I’m on the second book by Viktor Frankl – Man’s Search for Ultimate Meaning. I usually skip forewords and prefaces but this time few sentences have caught my eye and I read Preface to the book very carefully. The offered passage is quite big but I like very much Viktor Frankl’s flow of thought towards religion. It cleared some mess in my head and I found it very helpful, well, at least for me.
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The concept of religion in its widest possible sense, as it is here espoused, certainly goes far beyond the narrow concepts of God promulgated by many representatives of denominational and institutional religion. They often depict, not to say denigrate, God as a being who is primarily concerned with being believed in by the greatest possible number of believers, and along the lines of a specific creed, at that. “Just believe,” we are told, “and everything will be okay.” But alas, not only is this order based on a distortion of any sound concept of deity, but even more importantly it is doomed to failure: Obviously, there are certain activities that simply cannot be commanded, demanded, or ordered, and as it happens, the triad “faith, hope, and love” belongs to this class of activities that elude an approach with, so to speak, “command characteristics.” Faith, hope, and love cannot be established by command simply because they cannot be established at will. I cannot “will” to believe, I cannot “will” to hope, I cannot “will” to love – and at least of all can I “will” to will.
Upon closer investigation it turns out that what underlies the attempt to establish faith, hope, love, and will by command is manipulative approach. The attempt to bring these states about at will, however, is ultimately based on an inappropriate objectification and reification of these human phenomena: They are turned into mere things, into mere objects. However, since faith, hope, love, and will are so-called “intentional” acts or activities, along the lines of the terminology coined by Edmund Husserl and Max Scheler, the founders of the school of “phenomenology”, these activities are directed to “intentional” referents – in other words, to objects of their own. To the extent that one makes intentional acts into objects, he loses sight of their objects. Nowhere, to my knowledge, is this brought home to us more strikingly than with the uniquely human phenomenon of laughter: You cannot order anyone to laugh – if you want him to laugh, you must tell him a joke.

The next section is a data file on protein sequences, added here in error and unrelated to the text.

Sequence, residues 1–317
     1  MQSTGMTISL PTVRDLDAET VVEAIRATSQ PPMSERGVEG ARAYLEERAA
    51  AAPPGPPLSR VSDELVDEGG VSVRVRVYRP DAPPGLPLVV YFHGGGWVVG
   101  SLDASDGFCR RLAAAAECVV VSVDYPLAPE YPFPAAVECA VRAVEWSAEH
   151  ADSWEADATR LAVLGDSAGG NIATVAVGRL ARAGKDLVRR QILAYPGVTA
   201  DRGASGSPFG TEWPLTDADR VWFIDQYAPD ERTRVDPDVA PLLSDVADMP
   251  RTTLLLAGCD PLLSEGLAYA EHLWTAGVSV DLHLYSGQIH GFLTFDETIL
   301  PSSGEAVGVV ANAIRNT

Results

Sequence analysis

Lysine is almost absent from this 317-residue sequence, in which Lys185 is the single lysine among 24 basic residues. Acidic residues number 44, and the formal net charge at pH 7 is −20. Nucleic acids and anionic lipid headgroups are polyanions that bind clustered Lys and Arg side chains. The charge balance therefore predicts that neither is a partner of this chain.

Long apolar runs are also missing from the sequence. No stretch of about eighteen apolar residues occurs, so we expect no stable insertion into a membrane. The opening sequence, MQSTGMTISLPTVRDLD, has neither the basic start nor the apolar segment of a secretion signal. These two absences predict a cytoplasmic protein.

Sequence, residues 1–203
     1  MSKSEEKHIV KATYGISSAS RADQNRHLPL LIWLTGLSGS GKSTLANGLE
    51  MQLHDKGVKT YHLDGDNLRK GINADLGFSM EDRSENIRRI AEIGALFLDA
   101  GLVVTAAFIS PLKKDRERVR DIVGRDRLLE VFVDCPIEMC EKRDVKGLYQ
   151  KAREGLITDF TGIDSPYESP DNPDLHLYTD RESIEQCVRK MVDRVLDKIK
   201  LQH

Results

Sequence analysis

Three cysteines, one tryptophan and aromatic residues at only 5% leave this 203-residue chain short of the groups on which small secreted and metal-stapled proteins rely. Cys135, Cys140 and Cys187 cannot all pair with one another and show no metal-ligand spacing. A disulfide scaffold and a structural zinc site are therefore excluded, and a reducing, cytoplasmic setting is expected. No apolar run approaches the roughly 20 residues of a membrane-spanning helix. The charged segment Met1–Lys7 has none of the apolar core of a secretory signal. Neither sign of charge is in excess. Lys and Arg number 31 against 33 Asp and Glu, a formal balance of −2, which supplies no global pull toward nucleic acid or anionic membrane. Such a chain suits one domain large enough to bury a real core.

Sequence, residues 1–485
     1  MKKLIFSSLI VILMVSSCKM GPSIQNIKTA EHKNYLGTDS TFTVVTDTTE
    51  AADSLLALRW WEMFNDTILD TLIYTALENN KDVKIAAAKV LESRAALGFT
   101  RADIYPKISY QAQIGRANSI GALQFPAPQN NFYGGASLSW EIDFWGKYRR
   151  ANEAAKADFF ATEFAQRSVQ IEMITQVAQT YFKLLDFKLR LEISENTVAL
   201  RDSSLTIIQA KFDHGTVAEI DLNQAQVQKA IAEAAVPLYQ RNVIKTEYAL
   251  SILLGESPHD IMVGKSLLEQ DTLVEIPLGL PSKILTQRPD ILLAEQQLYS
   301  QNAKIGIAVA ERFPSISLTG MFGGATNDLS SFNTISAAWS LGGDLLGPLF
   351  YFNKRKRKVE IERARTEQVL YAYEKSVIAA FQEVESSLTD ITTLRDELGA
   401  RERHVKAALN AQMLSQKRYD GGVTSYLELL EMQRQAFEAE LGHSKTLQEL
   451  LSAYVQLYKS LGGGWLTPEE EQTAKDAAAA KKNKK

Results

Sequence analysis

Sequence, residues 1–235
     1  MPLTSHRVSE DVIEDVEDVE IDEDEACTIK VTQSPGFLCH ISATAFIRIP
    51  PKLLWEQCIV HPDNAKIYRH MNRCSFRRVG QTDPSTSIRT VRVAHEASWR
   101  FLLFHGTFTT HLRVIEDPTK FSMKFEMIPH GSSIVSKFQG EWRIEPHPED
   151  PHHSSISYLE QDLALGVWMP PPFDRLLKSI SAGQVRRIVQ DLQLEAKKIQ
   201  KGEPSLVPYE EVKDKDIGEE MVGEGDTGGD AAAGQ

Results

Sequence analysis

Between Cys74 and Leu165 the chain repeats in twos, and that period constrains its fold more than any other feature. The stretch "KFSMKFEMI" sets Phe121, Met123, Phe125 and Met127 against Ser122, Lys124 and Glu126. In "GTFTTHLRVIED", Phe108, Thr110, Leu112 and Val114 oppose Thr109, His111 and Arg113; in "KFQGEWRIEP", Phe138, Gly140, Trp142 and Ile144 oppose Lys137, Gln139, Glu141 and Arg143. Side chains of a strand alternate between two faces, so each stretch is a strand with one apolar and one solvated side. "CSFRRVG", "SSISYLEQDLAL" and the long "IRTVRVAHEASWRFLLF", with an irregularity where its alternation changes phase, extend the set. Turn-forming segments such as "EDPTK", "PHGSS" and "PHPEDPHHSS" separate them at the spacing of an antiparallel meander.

But isn’t it, in a way, the same with religion? If you want people to have faith and belief in God, you cannot rely on preaching along the lines of a particular church but must, in the first place, portray your God believably – and you must act credibly yourself. In other words, you have to do very opposite of what so often is done by representatives of organized religion when they build up an image of God as someone who is primarily interested in being believed in and who is rigorously insists that those who believe in him be affiliated with a particular church. Small wonder that such representatives of religion behave as though the saw the main task of their own denomination as that of overriding other denominations.
Certainly the trend is away from religion conceived in such a strictly denominational sense. Yet this is not to imply that, eventually, there will be a universal religion. On the contrary, if religion is to survive, it will have to be profoundly personalized…
To all appearances, religion is not dying, and insofar as this is true, God is not dead either, not even “after Auschwitz,” to quote the title of a book. For either belief in God is unconditional or it is not belief at all. If it is unconditional it will stand and face that six million died in the Nazi holocaust; if it is not unconditional it will fall away if only a single innocent child has to die – to resort to an argument once advanced by Dostoevski. There is no pint in bargaining with God, say, by arguing: “Up to six thousand or even one million victims in the holocaust I maintain my belief in Thee; but from one million upward nothing can be done any longer, and I am sorry but I must renounce my belief in Thee.”
The truth is that among those who actually went through the experience of Auschwitz, the number of those whose religious life was deepened – in spite of, not because of, this experience – by far exceeds the number of those who gave up their belief. To paraphrase what La Rochefoucauld once remarked with regard to love, one might say that just as the small fire is extinguished by the storm while a large fire is enhanced by it – likewise a weak faith is weakened by predicaments and catastrophes, whereas a strong faith is strengthened by them.